Market Overview

China National Drug Administration Approves Gilead's Genvoya® (Elvitegravir, Cobicistat, Emtricitabine and Tenofovir Alafenamide), a Single Tablet Regimen for the Treatment of HIV-1 Infection


- Genvoya is the First TAF-Based Regimen Approved in China for
Adults and Adolescents with HIV -

Gilead Sciences, Inc. (NASDAQ:GILD) announced today that the China
National Drug Administration (CNDA) has approved Genvoya®
(elvitegravir 150 mg/cobicistat 150 mg/emtricitabine 200 mg/tenofovir
alafenamide 10 mg or E/C/F/TAF) for the treatment of HIV-1 infection.
Genvoya is the first TAF-based single tablet regimen for the treatment
of HIV to be approved in China.

Genvoya is indicated in China as a complete regimen for the treatment of
adults and adolescents (aged 12 years and older with a body weight of at
least 35 kg) infected with HIV-1 without any known mutations associated
with resistance to the integrase inhibitor class, emtricitabine or
tenofovir. In the United States, Genvoya has a boxed warning in its
product label regarding the risks of post treatment acute exacerbation
of hepatitis B. Further important safety information, adverse drug
reactions and drug interactions are listed below.

"With access to appropriate treatment, people living with HIV have the
potential to live nearly as long as the general population. Because of
this, they may face increased risk of age- and treatment-related
comorbidities, which means long-term health should be a priority when
caring for patients with HIV," said Professor Li Taisheng, Peking Union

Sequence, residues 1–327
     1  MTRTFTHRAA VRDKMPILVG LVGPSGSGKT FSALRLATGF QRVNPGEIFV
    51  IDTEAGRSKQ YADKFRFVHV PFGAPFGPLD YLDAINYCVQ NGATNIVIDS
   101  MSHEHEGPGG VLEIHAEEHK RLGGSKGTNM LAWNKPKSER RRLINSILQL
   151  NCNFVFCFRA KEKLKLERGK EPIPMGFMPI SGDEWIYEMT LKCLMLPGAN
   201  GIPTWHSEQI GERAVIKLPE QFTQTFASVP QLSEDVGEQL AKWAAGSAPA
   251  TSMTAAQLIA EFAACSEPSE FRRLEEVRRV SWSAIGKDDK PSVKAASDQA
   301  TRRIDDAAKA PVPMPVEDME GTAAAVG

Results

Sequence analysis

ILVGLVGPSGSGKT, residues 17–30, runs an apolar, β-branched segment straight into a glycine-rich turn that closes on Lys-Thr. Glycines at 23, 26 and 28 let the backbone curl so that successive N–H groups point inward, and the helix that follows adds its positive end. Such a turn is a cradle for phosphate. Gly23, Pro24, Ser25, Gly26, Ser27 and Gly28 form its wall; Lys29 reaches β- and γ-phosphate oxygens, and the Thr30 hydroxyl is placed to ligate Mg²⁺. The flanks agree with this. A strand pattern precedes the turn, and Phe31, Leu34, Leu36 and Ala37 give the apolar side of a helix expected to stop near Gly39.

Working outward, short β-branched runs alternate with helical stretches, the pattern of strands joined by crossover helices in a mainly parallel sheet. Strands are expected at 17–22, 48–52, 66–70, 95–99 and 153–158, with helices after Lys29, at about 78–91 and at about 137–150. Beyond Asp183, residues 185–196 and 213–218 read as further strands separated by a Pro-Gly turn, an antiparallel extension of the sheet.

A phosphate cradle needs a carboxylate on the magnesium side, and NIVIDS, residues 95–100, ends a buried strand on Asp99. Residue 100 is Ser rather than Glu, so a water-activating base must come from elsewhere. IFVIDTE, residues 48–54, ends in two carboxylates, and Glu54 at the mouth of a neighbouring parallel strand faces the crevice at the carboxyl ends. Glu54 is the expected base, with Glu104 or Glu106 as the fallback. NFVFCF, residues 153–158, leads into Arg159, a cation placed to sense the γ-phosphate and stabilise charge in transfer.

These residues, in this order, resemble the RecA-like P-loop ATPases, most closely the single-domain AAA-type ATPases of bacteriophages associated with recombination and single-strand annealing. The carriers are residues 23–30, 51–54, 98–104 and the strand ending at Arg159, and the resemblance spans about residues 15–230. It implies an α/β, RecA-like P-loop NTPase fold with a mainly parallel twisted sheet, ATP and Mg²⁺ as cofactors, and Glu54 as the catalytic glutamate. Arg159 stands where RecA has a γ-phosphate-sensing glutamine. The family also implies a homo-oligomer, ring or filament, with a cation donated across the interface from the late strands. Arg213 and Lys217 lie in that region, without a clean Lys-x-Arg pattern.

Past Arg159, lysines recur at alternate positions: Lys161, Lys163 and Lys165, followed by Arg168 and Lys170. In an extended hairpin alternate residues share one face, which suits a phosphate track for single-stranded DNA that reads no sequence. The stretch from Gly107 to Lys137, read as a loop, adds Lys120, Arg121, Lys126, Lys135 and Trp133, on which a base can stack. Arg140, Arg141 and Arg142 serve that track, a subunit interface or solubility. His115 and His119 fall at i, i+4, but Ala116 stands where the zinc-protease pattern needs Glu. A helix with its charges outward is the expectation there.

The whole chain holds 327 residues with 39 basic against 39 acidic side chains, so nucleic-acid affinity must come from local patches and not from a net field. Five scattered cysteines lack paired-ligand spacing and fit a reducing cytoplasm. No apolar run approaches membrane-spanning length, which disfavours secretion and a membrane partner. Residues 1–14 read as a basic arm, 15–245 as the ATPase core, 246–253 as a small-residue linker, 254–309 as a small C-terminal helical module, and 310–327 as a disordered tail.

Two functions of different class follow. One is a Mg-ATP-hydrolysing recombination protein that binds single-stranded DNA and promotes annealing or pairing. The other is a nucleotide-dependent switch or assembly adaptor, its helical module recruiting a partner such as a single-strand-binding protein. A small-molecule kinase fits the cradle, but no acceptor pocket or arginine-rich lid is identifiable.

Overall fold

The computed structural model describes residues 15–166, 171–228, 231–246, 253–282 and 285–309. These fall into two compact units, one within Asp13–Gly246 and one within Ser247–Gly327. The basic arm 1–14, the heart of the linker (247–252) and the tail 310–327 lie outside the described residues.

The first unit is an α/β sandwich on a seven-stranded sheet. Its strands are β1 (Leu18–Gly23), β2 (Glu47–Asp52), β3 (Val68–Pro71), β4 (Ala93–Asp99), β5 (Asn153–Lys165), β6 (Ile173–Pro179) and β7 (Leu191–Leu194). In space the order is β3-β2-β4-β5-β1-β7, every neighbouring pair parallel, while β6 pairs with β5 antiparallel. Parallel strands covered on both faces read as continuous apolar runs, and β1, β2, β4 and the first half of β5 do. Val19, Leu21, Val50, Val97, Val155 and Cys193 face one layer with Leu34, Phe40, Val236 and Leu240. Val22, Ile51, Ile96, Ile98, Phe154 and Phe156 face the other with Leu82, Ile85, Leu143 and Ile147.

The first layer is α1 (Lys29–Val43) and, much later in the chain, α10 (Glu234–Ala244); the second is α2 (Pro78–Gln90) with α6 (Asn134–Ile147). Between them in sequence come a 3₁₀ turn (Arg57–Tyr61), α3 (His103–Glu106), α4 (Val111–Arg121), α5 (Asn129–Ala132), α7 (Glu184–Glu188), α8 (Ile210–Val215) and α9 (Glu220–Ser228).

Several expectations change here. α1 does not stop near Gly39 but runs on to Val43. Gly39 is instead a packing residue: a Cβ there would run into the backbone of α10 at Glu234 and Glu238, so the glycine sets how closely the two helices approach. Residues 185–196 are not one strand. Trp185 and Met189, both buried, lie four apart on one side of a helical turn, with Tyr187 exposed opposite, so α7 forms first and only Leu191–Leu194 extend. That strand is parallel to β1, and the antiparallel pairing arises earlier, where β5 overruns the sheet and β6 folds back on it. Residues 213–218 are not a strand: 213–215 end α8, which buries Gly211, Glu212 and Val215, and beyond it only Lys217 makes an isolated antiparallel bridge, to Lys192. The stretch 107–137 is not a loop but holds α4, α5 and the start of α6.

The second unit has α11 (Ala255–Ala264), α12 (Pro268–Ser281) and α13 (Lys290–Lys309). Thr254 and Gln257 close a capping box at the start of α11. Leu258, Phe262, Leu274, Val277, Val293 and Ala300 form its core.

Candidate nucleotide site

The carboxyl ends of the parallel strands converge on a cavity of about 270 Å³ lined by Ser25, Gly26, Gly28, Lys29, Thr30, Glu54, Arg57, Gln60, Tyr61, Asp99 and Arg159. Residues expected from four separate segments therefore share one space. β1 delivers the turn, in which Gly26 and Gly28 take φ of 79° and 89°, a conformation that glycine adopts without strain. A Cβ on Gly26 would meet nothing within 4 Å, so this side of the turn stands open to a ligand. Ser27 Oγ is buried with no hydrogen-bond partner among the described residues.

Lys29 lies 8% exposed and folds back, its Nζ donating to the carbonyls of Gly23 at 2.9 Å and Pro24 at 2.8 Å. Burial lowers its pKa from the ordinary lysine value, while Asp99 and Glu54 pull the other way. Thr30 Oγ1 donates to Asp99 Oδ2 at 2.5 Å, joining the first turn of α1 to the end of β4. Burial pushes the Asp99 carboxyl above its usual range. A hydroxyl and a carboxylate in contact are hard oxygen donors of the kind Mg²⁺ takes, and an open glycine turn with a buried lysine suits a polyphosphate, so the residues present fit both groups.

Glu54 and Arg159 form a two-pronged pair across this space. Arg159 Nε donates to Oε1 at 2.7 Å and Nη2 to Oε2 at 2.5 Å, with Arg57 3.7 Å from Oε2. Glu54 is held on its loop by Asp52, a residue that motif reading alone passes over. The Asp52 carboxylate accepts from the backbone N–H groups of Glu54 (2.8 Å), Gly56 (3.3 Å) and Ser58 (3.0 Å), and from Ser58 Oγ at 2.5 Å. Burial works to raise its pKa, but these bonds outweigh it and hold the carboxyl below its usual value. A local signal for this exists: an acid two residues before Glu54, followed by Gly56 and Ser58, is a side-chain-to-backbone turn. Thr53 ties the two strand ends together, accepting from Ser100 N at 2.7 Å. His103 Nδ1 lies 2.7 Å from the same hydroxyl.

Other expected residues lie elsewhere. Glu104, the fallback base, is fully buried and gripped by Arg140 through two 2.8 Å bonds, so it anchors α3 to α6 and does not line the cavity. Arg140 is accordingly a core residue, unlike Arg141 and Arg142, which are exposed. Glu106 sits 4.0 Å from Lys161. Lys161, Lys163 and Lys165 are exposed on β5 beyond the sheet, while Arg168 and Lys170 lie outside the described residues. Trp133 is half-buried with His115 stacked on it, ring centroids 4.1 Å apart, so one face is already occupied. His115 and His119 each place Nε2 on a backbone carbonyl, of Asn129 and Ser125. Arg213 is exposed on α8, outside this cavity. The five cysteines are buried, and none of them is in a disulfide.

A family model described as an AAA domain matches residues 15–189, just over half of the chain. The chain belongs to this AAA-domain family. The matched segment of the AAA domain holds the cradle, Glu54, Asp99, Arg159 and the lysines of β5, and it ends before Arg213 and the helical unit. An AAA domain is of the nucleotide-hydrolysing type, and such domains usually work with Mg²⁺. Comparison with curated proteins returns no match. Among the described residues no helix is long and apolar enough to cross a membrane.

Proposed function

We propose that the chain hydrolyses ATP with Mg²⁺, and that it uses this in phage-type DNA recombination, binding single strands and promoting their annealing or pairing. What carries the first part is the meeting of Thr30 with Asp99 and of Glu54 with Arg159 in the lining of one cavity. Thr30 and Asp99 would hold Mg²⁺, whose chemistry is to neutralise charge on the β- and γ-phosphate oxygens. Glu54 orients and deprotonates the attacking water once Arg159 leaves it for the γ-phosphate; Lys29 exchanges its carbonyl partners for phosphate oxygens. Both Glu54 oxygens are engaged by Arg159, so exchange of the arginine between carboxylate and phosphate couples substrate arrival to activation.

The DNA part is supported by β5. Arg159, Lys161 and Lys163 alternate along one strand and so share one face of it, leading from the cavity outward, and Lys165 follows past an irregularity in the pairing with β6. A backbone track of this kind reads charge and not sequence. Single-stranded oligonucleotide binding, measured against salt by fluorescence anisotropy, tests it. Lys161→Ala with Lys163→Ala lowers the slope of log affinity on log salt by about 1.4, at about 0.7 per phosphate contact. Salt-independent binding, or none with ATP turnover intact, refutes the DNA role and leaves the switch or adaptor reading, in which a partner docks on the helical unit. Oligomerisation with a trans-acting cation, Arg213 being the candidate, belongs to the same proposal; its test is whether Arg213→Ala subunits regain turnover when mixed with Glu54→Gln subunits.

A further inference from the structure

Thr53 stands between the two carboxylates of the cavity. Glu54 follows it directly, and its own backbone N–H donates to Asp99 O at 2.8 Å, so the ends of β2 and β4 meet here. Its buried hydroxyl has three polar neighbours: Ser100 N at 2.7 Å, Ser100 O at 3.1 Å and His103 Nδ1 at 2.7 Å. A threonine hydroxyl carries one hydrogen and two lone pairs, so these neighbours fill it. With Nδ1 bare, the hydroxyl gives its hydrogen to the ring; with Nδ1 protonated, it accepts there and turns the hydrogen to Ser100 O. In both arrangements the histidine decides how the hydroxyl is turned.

Medical College Hospital. "In clinical trials, Genvoya has demonstrated
long-term viral suppression through 144 weeks and has a safety profile
that may be appropriate for a broad range of people living with HIV."

In 2017, there were approximately 140,000 people newly diagnosed with
HIV in China. The number of diagnoses has increased significantly in
recent years, partially due to expanded screening. At the same time, the
number of people living with HIV and receiving antiretroviral treatment
has also increased steadily. In 2003, the government of China began
providing free antiretroviral treatment to all persons living with HIV.

"Gilead supports China's efforts to address the HIV epidemic and we are
pleased to offer Genvoya as a new treatment option for people living
with HIV in China," said John F. Milligan, PhD, Gilead's President and
Chief Executive Officer. "As part of our TAF-based portfolio of
treatments, we believe Genvoya's safety and efficacy profile may help to
address the long-term health needs of China's HIV patient population."

Genvoya was studied in a Phase 3 HIV clinical program in more than 3,500
patients across 21 countries, including treatment-naïve, virologically
suppressed, renally impaired and adolescent patients. The approval is
supported by 144-week data from two Phase 3 double-blind studies
(Studies 104 and 111) among 1,733 treatment-naïve patients in which the
regimen met the primary endpoint of non-inferiority compared to Gilead's
Stribild® (elvitegravir 150 mg/cobicistat 150
mg/emtricitabine 200 mg/tenofovir disoproxil fumarate 300 mg or
E/C/F/TDF) at Week 48. At Week 48, 92.4 percent (n=800/866) of patients
taking Genvoya and 90.4 percent (n=784/867) of patients taking Stribild
achieved HIV-1 RNA levels less than 50 copies/mL

Additionally, the approval is supported by a Phase 3 study (Study 109)
evaluating Genvoya among virologically suppressed patients who switched
from TDF-based regimens. The study enrolled 1,436 subjects and 1,196 had
reached the 48-week time point at the time of filing. Among those
patients, Genvoya was found to be statistically non-inferior to the
TDF-based regimens based on the percentages of patients with HIV-1 RNA